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Tuesday, May 17 • 2:00pm - 3:00pm
Poster Session 3: Poster Board Number 107

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Poster Board Number: 107
Title: Comparison of Citation Use, Link Resolver, and Vendor Statistics
Objective: Link resolvers facilitate access to available full-text articles and tabulate journal use, but users can get to the articles from other paths, so they provide only partial statistics. Vendors and publishers provide COUNTER-compliant counts of the number of articles retrieved from their platforms. If a journal is available on multiple platforms, then several sets of statistics need to be merged to get a complete count of all retrievals. Citations of research publications illustrate use for research purposes. Link resolver statistics, vendor supplied statistics, and citation counts were examined to determine how well they correlate.
Methods: For four health sciences colleges at the study university, the number of times each journal title was cited in 2010 was collected. To identify faculty authors, searches by author affiliation at the study institution were performed in the ISI Web of Science to find all articles written by faculty members in the colleges of medicine, dentistry, pharmacy, and nursing in 2010. The number of times a journal was cited was entered into spreadsheet along with the use statistics collected from the journal link resolver and vendors and publishers. Two types of correlation analysis were run on the data.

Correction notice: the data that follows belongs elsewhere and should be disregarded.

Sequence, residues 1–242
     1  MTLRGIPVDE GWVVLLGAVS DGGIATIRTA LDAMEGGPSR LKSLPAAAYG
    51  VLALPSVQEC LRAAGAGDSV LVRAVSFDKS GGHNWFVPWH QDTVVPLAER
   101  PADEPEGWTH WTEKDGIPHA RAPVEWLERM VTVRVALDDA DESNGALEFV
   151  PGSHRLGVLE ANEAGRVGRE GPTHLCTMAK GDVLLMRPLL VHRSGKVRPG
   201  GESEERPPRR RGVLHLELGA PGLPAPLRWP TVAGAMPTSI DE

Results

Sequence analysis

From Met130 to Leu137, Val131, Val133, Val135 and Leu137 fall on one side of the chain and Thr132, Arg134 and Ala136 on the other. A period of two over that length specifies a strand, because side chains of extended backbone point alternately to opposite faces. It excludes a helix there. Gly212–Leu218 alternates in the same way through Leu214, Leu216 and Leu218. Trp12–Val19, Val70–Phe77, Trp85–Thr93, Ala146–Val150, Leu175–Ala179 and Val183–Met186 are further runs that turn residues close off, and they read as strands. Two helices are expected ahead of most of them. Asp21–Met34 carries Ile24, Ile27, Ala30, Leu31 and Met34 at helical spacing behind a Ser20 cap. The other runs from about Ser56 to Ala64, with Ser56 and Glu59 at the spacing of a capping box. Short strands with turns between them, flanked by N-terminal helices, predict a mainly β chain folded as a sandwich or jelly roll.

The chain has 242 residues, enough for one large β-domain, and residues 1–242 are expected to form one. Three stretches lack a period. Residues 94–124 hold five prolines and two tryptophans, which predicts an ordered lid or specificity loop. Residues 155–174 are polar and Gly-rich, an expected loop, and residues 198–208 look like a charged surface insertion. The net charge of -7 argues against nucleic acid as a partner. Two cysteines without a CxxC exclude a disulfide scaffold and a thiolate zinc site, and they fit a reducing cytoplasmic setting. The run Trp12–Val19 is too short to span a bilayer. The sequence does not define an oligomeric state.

Preliminary Results and Conclusions: Each set of data was compared to each other, and both Spearman Rank Order and Pearson Product-Moment correlation coefficients were calculated to examine the degree of correlation. There was a positive correlation between the vendor statistics and link resolver data, with the publisher data showing higher use statistics overall. The results indicate link resolver data could reliably suggest high- and low-use journals, avoiding the need to systematically obtain and merge data from multiple publishers for collection development decisions. A positive correlation also exists between citation use and online use statistics when a journal is cited. However, many journals that are moderately or heavily used are not cited. Citation data as a subset may tell the library which journals are most used for research by faculty, while vendor or publisher use statistics and link resolver data reflect all types of use, including educational and clinical.
Authors: Sandra L. De Groote, AHIP, Scholarly Communications Librarian; Deborah D. Blecic, AHIP, Bibliographer, Health and Life Sciences; University Library; University of Illinois, Chicago, IL


Tuesday May 17, 2011 2:00pm - 3:00pm
Exhibit Hall A - Minneapolis Convention Center

Attendees (19)




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